Classically Inclined

June 5, 2013

Film review: Centurion (2010)

Filed under: Out and about — lizgloyn @ 11:28 am
Tags: , , , ,

This film forms a group of ‘recent films on Roman Britain’, the others being King Arthur (2004), The Last Legion (2007) and The Eagle (2011). There are some interesting resonances starting to develop between these films, but each of them uses the Roman frame to do something rather different as well.

2852-FINAL_CENTURION 70x100op 50 %.inddThis is the first film I have watched for a while where I have felt the hand of the director shaping the material quite as heavily as I did here. The director in question is Neil Marshall, whose work was summed up by mrph2 on Twitter as “visit Scotland, die horribly”. I hadn’t realised that this was a Neil Marshall piece, but watching it, I felt that it had resonances with two particular films – Valhalla Rising (2009), a particularly dreadful Scandewegian piece with Mads Mikkelsen which tries to be Aguirre but fails, and Dog Soldiers (2002), a Marshall film about squaddies becoming werewolves whilst out on a routine military exercise in Scotland. The parallels with the latter were, unsurprisingly, particularly strong, given that the basic plot elements of squaddies, Scotland and people who don’t play by the rules all feature heavily.

But this brings us to one thing that particularly stood out for me in the film, which was its depiction of the squaddies in the Roman army as – well, squaddies. They drank a lot, pissed up against trees, generally did all sorts of squaddie-esque things. Now, there may be some ways in which this is an anachronistic reading of modern soldierly behaviour back into the past, but on the other hand, chatting to one of my colleagues about his research into the Roman army has made me realise that we have plenty of evidence for the sort of behaviour which Marshall puts on screen. There’s a tenderness to the depiction too – at one point, all the soldiers who have survived a Pict attack are sitting in a cave sharing a bit about their backgrounds, and it’s all a bit male-bond-y and reminding us that trained vicious killers are people too – so there’s a nice balance in representing these people are human rather than as either scum of the earth or alternatively as systematically heroic and noble. I can’t think of an example which has bothered to fill in the characters of the average soldier, as opposed to the commanders, as well as this film does.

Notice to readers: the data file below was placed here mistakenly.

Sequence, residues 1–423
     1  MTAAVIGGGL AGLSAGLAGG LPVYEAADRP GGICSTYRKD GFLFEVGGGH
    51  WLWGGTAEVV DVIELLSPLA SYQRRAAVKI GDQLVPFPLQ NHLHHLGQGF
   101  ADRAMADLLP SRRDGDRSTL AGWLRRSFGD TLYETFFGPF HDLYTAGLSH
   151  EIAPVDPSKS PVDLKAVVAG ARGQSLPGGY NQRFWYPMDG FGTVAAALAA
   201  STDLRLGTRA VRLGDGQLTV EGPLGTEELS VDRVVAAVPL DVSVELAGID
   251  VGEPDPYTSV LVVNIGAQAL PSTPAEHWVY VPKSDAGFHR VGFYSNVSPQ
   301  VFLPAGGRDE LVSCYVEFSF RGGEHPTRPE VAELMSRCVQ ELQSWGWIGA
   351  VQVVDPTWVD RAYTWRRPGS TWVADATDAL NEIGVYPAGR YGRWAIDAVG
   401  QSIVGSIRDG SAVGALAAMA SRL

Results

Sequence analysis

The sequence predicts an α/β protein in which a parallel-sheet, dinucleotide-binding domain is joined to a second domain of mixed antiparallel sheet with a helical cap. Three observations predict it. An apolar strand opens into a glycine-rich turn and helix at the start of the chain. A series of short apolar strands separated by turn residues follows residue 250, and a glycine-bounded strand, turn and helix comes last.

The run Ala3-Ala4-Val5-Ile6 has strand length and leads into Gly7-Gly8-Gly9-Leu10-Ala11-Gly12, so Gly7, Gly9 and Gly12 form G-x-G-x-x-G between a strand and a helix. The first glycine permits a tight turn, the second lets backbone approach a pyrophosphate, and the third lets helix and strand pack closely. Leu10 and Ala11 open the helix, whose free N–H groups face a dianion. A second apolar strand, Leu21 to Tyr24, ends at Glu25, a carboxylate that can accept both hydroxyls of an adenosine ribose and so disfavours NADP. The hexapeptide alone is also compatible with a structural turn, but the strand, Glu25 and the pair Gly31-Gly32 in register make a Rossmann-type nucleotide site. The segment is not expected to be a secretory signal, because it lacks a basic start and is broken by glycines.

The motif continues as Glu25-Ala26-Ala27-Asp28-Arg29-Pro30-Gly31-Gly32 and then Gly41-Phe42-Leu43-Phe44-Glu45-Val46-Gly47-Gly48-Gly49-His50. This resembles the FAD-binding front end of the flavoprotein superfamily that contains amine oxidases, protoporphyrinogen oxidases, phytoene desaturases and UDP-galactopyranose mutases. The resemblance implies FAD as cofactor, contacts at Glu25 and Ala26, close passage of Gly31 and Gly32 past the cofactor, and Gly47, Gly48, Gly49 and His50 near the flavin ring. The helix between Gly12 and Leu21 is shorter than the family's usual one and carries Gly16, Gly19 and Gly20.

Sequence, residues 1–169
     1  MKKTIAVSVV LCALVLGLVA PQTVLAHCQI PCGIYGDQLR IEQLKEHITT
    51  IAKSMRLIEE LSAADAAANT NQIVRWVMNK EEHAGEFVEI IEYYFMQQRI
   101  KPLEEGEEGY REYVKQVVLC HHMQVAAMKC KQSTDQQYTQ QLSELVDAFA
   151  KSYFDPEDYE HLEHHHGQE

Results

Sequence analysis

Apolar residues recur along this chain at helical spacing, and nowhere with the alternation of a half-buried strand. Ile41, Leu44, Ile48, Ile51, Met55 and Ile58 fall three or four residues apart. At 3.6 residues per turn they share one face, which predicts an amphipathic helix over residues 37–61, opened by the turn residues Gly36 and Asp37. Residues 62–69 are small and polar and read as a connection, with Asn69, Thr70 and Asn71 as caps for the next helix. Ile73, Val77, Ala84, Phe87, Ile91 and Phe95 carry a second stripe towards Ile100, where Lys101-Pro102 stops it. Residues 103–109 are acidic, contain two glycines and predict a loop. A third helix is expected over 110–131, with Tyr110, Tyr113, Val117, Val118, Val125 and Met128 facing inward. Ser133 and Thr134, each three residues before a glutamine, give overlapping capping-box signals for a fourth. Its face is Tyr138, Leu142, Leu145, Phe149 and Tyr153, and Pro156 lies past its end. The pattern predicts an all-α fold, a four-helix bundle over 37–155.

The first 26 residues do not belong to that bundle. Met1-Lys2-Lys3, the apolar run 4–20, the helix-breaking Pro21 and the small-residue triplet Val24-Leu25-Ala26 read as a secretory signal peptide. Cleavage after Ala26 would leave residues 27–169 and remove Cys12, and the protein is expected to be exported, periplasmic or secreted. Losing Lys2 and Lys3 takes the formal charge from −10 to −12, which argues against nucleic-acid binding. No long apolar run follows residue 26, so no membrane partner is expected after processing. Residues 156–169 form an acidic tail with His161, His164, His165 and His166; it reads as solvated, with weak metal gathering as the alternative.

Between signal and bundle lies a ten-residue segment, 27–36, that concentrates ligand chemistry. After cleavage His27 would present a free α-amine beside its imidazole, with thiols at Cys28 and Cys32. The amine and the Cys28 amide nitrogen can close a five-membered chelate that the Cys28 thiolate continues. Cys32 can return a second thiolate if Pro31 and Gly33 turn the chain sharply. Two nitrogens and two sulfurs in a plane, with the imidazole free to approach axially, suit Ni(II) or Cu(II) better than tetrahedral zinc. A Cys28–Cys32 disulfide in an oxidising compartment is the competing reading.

The other Marshall trait, obviously, is the great emphasis on atmospheric landscape photography, mainly achieved by distance shots of people running over heaths, with the odd brooding mountain thrown in for good measure. It’s all very evocative (also misty), but rather at odds with the violent battles with which it is interspersed. There’s also the problem of the soundtrack, which also tries to be all wistful and melancholy, but can’t quite pull it off when it’s playing along to people stabbing swords into each other and using up the tomato sauce budget. There’s a more serious point to this, in that there’s an attempt to explore the logic of warfare behind enemy lines where nobody plays according to the established rule of way (pick a current conflict, anyone?), but the geography fetish can mean that you feel like you’re watching two different films.

That’s mainly because of the brutalist approach to battle scenes, which happily strolls down the ultraviolence route – spears going through people, arrows in unfortunate places, hacking and stabbing and slashing – all that good stuff which has the props department cheerfully rubbing its hands and ordering extra fake heads on stakes for background colour. The second half of the film basically feels like a giant game of death tag set in the Scottish highlands. Which is fine, but it does lead to a problem with pacing – there’s only so long that you can care whether or not somebody is going to catch somebody else, and after a while you do start looking forward to the next shot of a scenic bit of Scotland to lighten the monotony. The ultraviolence also makes the battle scenes rather tedious, because they cram in as much slashing and hacking as possible, whilst also making it quite clear which side is winning – and I start to get bored. I appreciate that I’m very much not the target audience for this sort of film, but there does seem to be a real structural issue created by this kind of approach.